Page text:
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srsbsnsrunner (profile) wrote,
on 5-24-2014 at 6:53pm
Subject: so much to talk about.
So I am pretty sure that my friends are tired of me talking about this so I'm going to talk to you all about it.

It's been pretty apparent from my blog entries that I go through bouts of depression. Not just "ho-hum I'm having a bad day" depression. The curl up, zone out in front of the television, don't get up to pee or shower type depression.
Sometimes it would get so bad that I couldn't get up and function enough to go to work.
I had a seen a therapist for about a year and half before we hit a plateau and decided it was best that I try to continue on my own for awhile. In among all of that I also saw a psychiatrist who put me on anti-anxiety and depression medications. I hated the thought of it. I hated how the medications made me feel. I tried them for a week and said fuck that, I'm stopping these and going to continue soldiering on solo. Which was actually working, somewhat.
What I couldn't figure out was that I wasn't enjoying anything anymore. I was just getting through. My runs had become a daily chore and less of an enjoyment. I ate too much to make up for the dulled taste I was experiencing. Food to me wasn't enjoyable, it was fuel, that was it. I would be chipper at work and then come home and not know what to do with myself.
I was a mess. I had friends start telling me they wouldn't talk to me anymore because I was so pessimistic. Which was tough to hear because I'm usually a look on the bright side of life type of person. I would call myself realistically optimistic.

A friend and I had been talking one day and I told him I felt like utter crap and that I had seriously been rethinking medication. The cognitive behavioral therapy had done what I needed it to do but it hadn't fixed the whole issue. Skills I had learned were being utilized but it wasn't enough. And that was so frustrating to me. I'm a fighter. I don't give up. I power through and keep going, even when shit gets tough. I ran a marathon with a fractured foot for crying out loud! I don't quit.
But I felt like I had failed.

So I made an appointment, it was a month and half away from when I had called. Gave me plenty of time to chicken out.
As the time for my appointment came closer, I got nervous. A voice in my head was saying you don't need medication, you can do this by yourself.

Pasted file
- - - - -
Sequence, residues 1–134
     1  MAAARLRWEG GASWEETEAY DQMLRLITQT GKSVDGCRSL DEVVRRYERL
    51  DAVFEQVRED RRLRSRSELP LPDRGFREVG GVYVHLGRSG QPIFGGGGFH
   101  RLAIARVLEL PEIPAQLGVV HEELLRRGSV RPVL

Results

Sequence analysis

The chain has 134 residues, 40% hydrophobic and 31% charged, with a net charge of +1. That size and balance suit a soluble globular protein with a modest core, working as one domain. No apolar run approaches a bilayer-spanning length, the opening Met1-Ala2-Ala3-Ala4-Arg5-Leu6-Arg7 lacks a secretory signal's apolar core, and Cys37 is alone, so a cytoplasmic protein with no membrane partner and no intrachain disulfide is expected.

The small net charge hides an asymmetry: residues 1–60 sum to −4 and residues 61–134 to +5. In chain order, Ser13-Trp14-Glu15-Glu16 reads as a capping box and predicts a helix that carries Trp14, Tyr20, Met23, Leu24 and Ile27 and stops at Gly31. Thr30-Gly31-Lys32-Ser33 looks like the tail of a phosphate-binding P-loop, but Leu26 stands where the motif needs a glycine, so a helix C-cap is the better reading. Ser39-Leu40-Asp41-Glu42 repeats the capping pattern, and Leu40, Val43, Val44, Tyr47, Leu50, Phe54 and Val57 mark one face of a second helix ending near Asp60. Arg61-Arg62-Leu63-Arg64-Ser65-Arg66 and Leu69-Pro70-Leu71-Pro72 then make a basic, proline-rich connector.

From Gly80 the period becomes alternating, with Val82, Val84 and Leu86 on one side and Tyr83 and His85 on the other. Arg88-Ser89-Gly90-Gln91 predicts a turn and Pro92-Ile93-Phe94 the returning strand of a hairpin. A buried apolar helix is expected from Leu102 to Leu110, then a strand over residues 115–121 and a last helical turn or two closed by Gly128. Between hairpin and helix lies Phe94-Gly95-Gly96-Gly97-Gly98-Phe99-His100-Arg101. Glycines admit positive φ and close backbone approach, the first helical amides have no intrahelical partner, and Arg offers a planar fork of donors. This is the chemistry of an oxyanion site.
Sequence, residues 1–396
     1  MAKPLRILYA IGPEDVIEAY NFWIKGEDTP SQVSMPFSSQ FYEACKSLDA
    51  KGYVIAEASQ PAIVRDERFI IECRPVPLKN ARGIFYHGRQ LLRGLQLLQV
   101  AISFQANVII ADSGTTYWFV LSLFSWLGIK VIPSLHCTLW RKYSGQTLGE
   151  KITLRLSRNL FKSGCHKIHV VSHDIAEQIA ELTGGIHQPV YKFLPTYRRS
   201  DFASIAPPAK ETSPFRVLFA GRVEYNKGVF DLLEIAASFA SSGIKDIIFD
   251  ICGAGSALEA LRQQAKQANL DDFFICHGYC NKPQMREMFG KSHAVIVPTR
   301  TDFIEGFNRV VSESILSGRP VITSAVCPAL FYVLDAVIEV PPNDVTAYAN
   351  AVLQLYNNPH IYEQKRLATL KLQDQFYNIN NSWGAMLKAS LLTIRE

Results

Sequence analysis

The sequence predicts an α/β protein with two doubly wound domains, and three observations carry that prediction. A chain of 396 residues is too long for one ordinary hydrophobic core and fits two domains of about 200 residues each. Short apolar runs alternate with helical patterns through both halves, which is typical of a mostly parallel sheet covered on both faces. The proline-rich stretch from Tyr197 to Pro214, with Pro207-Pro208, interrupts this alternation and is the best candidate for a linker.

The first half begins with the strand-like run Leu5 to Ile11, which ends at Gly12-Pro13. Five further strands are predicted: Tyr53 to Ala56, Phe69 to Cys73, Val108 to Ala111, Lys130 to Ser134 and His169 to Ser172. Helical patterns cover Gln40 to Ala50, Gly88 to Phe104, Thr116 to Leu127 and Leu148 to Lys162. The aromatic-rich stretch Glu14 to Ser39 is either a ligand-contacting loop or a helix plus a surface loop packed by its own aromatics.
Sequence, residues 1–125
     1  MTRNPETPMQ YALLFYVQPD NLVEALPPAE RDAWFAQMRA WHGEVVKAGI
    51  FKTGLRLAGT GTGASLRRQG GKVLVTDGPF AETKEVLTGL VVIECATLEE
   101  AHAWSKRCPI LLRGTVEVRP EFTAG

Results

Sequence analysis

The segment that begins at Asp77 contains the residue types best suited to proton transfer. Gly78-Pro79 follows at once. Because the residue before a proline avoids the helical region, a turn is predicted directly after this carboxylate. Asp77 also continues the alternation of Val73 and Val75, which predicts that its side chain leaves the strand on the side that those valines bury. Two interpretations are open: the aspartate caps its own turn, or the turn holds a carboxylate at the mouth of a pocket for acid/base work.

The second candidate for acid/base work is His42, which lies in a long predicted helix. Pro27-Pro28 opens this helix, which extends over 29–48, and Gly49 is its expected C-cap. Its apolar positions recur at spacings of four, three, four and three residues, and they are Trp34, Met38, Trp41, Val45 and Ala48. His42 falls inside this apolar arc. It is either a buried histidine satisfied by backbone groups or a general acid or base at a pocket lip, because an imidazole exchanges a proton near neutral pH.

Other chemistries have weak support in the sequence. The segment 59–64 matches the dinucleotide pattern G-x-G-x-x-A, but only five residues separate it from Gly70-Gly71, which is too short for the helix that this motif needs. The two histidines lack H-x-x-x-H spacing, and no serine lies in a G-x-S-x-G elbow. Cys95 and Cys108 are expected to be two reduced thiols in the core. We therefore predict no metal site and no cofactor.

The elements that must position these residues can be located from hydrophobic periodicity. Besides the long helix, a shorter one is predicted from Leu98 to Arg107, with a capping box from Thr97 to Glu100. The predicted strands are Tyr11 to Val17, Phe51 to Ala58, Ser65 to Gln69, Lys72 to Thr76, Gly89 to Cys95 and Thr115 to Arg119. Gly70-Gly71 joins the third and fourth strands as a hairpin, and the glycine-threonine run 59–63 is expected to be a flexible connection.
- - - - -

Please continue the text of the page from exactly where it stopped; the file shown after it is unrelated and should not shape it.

That was stubborn me talking.

I had finally surrendered and faced the truth that I had been running from for nearly 11 years.

While I was sitting in my psychiatrists office she told me that I was worse off than when I saw her almost two years ago.
That devastated me. Because I had been trying so hard to get better. As I told her, I felt like I needed an extra boost. We talked and came to the conclusion I may have to be on medication the rest of my life. Or the same pattern will keep happening. I'll get better then slowly fall back into it and not even notice until it gets unbearable. I'll keep wasting energy on a useless fight instead of enjoying my life and living my life.

I want to live my life. I want to put my energy into running, not having to drag myself out of bed to get dressed.
I want to learn to be a better cook, I want to be able to taste and enjoy the food.
I want to have focus.
I want to be who I'm meant to be.

I am not saying that medication magically will make all these things happen because I know it won't. I want it to give me the possibility to make it happen.

For the past four days I have taken my new medication.

And you know what?

I finally feel like my true self.

I can't explain the feeling of freedom I now have. It's as if a light inside me has finally been turned on.

I was running this morning and the whole run sucked because I was sore. And tired, from getting up last night to see the meteor shower (that I couldn't even see because it was cloudy).
The whole thing was awful. I'll try to explain this the best I can but in my head I felt like I had more power to say "Keep going, it sucks but you can make it." which is what I would say anyway but for some reason it felt like it held more weight.
Only metaphor I can think of is when you're gaming and fighting a monster with just your sword. You fight as hard as you can and maybe you knock almost all of the life out of the monster but it's still crawling along, reaching out with it's dark claws. Your sword breaks. And then you go to bows and arrows and the monster is still clinging to it's last little bit of life. After exhausting all your options, the monster finally dies but you're out of energy because you literally used all your resources to fight said monster.
Now imagine you get a power up on your sword. You still have to fight the monster, but it's easier. It goes down without depleting all your resources and your sword isn't broken.

That's what being on medication is like. It's a power up for my brain.

And goddammit. I love it.
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